All Our Lives We Have to Fight
Society refuses to protect Black women, so they have to do it themselves.
Written by Donna Jaye, courtesy of Uptown Magazine
"All my life I had to fight. I had to fight my daddy. I had to fight my brothers. I had to fight my cousins and my uncles. A girl child ain't safe in a family of men. But I never thought I'd have to fight in my own house. She let out her breath. I loves Harpo, she say. God knows I do. But I'll kill him dead before I let him beat me."
When I saw Oprah Winfrey say these lines in the film version of The Color Purple, it made me feel tired for her character Sofia.
Personally and thankfully I have never experienced domestic violence in my own life. But then I see instances like Daniel Taylor, a white man, yoking up Yasmine James, a Black McDonald’s cashier, as she’s surrounded by a sea of men in a St. Petersburg, Florida restaurant. Black men watching instead of helping. Black men behind the counter. Black men pulling her off her attacker. These were her co-workers with whom she spent likely eight hours a day. Black men watching instead of helping. Black men behind the counter. Black men pulling her off her attacker. These were her co-workers with whom she spent likely eight hours a day. People she ate lunch with and talked about weekend plans and family. Her Asian manager had a position of authority and was responsible for her during her shift. AND NO ONE HELPED HER!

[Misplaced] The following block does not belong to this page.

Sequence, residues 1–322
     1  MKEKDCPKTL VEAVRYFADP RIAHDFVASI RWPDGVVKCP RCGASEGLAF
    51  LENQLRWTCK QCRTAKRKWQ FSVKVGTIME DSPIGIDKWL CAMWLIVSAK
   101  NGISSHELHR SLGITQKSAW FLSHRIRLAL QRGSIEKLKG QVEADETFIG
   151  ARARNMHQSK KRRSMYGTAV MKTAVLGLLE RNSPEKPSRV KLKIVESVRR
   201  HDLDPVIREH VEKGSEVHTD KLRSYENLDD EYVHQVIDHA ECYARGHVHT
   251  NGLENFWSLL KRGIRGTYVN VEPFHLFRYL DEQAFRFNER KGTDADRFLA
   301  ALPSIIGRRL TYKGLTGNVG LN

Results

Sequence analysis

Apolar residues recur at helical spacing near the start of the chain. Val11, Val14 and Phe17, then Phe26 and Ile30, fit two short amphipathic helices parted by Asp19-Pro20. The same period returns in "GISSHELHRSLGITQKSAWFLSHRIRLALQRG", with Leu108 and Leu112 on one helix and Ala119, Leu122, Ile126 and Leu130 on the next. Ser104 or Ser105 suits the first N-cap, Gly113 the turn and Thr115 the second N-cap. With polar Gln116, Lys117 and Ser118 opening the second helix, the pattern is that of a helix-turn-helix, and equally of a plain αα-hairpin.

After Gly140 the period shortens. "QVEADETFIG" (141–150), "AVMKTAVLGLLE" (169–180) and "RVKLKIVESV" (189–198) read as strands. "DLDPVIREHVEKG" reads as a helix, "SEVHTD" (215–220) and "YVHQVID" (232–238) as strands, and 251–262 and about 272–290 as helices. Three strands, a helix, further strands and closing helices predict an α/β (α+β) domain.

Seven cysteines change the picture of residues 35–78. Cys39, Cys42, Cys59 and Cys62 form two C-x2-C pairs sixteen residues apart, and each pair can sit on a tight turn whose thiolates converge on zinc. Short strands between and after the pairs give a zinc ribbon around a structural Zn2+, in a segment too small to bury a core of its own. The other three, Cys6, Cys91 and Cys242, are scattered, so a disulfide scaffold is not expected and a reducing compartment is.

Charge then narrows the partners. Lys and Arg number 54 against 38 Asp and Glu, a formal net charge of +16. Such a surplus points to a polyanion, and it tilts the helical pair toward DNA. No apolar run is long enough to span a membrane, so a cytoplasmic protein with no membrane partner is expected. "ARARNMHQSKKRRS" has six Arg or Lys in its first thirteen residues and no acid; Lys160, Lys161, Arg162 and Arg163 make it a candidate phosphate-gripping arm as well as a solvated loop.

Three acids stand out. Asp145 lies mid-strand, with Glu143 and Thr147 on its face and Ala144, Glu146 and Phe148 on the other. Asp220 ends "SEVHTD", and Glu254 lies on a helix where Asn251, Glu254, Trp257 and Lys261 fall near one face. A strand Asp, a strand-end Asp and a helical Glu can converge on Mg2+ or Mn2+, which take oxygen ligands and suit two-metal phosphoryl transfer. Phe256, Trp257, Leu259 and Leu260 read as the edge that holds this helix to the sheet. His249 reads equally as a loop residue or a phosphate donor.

They left her to be an assault victim of a man who exclaimed, "I couldn't control you, bitch!" As if that is his right in the first place. You can't demand ownership of another person. And to think this all occurred because he had to ask for a straw by law.
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